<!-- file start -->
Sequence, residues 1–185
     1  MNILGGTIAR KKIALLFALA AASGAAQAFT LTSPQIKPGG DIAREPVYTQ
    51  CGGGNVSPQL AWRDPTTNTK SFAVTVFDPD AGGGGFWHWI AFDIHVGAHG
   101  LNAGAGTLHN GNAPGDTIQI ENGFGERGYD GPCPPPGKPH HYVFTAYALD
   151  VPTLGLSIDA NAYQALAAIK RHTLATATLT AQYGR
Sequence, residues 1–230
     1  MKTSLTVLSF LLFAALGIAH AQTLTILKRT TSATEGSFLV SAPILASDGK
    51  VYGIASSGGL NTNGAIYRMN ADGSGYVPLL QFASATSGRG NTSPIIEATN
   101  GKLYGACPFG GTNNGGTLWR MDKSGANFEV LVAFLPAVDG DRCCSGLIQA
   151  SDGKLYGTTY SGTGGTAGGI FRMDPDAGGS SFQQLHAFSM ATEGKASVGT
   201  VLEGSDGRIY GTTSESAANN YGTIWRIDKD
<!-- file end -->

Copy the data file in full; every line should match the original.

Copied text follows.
Sequence, residues 1–185
     1  MNILGGTIAR KKIALLFALA AASGAAQAFT LTSPQIKPGG DIAREPVYTQ
    51  CGGGNVSPQL AWRDPTTNTK SFAVTVFDPD AGGGGFWHWI AFDIHVGAHG
   101  LNAGAGTLHN GNAPGDTIQI ENGFGERGYD GPCPPPGKPH HYVFTAYALD
   151  VPTLGLSIDA NAYQALAAIK RHTLATATLT AQYGR
Sequence, residues 1–230
     1  MKTSLTVLSF LLFAALGIAH AQTLTILKRT TSATEGSFLV SAPILASDGK
    51  VYGIASSGGL NTNGAIYRMN ADGSGYVPLL QFASATSGRG NTSPIIEATN
   101  GKLYGACPFG GTNNGGTLWR MDKSGANFEV LVAFLPAVDG DRCCSGLIQA
   151  SDGKLYGTTY SGTGGTAGGI FRMDPDAGGS SFQQLHAFSM ATEGKASVGT
   201  VLEGSDGRIY GTTSESAANN YGTIWRIDKD